Jan. 23, 2011 —
An Afghan National Army Soldier gives a farewell embrace to his mentor, Task Force Rocky Mountain Command Sgt. Major William Woods during a Jan. 19 transfer of authority ceremony. Photo by U.S. Navy Chief Mass Communication Specialist (SW) Maria Yager.
PARWAN PROVINCE, Afghanistan (Jan. 23, 2011)— After a nine-month deployment supporting detention operations at the Detention Facility in Parwan, the 193rd Military Police Battalion (IR), hailed as Task Force Rocky Mountain was relieved by 402nd Military Police Battalion (IR) during a transfer of authority ceremony Jan.19 here.
“When Task Force Rocky Mountain assumed command and control and sustainment responsibilities of the DFIP my end state was three things; to be a role model of detention operations for the ANA (Afghan National Army); to moderate the detainee behavior; and to make sure that all task force servicemembers return home knowing they served with honor,” said U.S. Army Lt. Col. Laura Clellan, Task Force Rocky Mountain commander. “I can safely say – mission accomplished.”
Under Clellan’s watch and on an aggressive timetable, Task Force Rocky Mountain experienced the first ANA military police Soldiers join the DFIP guard force, learning and working alongside their U.S. counterparts. The task force’s tour culminated in the opening of a new Afghan facility, operated under Afghan authority at the DFIP.
“You really made a difference from the job you did personally, each and every one of you,” said U.S. Navy Vice Adm. Robert Harward, Jr., Combined Joint Interagency Task Force 435 commander who met with the 193rd before the TOA ceremony. Task Force Rocky Mountain, commanded by Clellan and comprised of Soldiers from the Colorado Army National Guard, directly supported the CJIATF-435’s mission consisting of detention operations across Afghanistan.
“Your work has been critical to our overall mission – not the overall mission of 435, but the overall mission of ISAF and US Forces Afghanistan,” said Harward.”You are a critical component of that over arching strategy.”
According to Harward, Rocky Mountain’s deployment came during a very dynamic time in Afghanistan. In addition to providing transparent and humane, care, custody and control of detainees, the 193rd working with CJIATF-435 and Task Force Peacekeeper, was tasked to train, incorporate and mentor ANA Soldiers. Their mission marked the beginning of the conditions-based transition of U.S. detention operations from the United States to the government of Afghanistan in accordance with an agreement between the two governments last year.
“I take a lot of information and a lot of experience from Rocky Mountain. They pushed me for improvement and work for the ANA,” said ANA Sgt. Maj. Reza, a non-commissioned officer in the Parwan and Pol-e-Charki Military Police Brigade who has worked with the U.S. at the DFIP for nine months. “I have good love for all the people of this battalion.”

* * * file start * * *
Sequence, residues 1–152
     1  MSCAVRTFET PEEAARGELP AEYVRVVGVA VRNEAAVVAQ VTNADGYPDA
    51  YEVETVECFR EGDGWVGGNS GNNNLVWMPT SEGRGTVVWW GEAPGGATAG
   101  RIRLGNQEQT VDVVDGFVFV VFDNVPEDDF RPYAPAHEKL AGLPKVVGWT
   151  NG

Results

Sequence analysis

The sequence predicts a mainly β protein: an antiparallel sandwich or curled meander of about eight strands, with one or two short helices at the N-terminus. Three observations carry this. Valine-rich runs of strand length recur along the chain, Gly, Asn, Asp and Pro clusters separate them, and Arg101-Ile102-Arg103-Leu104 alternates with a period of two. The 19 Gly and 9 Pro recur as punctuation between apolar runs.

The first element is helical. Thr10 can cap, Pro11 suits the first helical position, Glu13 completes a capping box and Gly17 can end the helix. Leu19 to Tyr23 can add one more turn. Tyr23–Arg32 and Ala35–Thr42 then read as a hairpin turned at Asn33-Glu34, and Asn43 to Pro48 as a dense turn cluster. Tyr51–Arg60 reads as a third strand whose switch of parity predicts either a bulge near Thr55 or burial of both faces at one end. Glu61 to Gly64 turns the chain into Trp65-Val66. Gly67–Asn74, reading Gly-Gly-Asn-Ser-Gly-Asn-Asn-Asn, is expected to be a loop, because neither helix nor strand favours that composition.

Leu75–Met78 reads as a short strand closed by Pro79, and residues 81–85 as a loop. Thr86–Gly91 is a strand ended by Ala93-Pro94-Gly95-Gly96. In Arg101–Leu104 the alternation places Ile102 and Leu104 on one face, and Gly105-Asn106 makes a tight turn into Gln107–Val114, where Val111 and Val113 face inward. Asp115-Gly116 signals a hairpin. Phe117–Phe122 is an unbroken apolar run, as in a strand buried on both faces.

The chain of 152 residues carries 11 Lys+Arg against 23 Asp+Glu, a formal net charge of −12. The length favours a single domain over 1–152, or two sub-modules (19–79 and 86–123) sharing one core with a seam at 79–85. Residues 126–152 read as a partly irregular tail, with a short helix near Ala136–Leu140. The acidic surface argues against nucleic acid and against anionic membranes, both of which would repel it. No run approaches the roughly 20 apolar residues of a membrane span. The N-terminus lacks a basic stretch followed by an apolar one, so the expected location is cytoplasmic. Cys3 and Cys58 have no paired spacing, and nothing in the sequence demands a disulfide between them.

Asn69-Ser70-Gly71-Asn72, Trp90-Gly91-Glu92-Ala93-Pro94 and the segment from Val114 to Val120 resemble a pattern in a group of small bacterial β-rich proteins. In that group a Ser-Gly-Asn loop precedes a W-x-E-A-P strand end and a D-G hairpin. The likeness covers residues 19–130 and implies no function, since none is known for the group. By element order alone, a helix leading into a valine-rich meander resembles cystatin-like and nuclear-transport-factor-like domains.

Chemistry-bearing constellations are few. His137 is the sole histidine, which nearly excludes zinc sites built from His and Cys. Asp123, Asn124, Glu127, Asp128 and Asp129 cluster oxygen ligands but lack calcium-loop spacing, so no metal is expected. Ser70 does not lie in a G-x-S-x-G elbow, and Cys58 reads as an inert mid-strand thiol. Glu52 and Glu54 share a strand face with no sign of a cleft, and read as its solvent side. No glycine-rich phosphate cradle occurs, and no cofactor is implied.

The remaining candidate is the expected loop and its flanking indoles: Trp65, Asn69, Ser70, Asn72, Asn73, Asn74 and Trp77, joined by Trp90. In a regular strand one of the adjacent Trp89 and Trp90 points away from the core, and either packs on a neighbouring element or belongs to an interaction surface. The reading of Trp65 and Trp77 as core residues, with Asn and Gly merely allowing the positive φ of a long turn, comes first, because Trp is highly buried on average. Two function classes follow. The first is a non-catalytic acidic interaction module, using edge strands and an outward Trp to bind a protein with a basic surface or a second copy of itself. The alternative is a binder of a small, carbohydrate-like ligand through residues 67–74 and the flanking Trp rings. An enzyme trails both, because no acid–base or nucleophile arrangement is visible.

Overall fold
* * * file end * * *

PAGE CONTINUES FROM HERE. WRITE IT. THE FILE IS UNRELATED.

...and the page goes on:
Harward praised Task Force Rocky Mountain Soldiers for conducting and supporting model detention operations at the DFIP, which provided safe, humane and effective management of the detainee population, and allowed willing detainees to participate in reintegration activities, educational and training programs.
“The mission of providing humane care, custody and control of the detainees ranks among the most demanding missions out in the field,” said Harward, “To all of you, you did it superbly. You treated them well. You treated them with respect.”
The detention facility is equipped with modern medical facilities, an on-site family visitation area, video teleconferencing capability, large recreation areas, vocational-technical training and education classrooms, and additional space to conduct legal proceedings.
Task Force Rocky Mountain faced 11 inspections and evaluations of operations, facilities, and detainee treatment from organizations including the International Committee of the Red Cross, always receiving accolades. To support the U.S. government’s commitment to transparent and humane detention operations, the task force facilitated nearly 1,000 detention facility tours and key leader engagements consisting of Afghan and international officials.
Harward said he was immensely proud on the accomplishments of Task Force Rocky Mountain and praised the Soldiers for their professionalism and service.
“You made a huge difference. You made history. Please keep that in mind when you go home,” said Harward.
The 402nd Military Police Battalion (IR), Task Force Cornhusker, who assumed command from Task Force Rocky Mountain is comprised of members from the Nebraska Army National Guard and is commanded by U.S. Army Lt. Col. Eric Teegerstrom. The 402nd MP BN (IR) was charged with the mission to provide humane care, custody and control of detainees along with all operations within the DFIP while mentoring the ANA military police Soldiers learning and working alongside the Task Force Cornhusker Soldiers.
CJIATF-435 has oversight of detention operations in Afghanistan, including care and custody of detainees, full implementation of detainee review procedures, and vocational and educational programs designed to facilitate the peaceful reintegration of detainees into society. CJIATF-435 serves as correction and detention operations advisors for their ANA partners and is conducting a conditions-based transition of detention operations to Afghan control while promoting Rule of Law practices.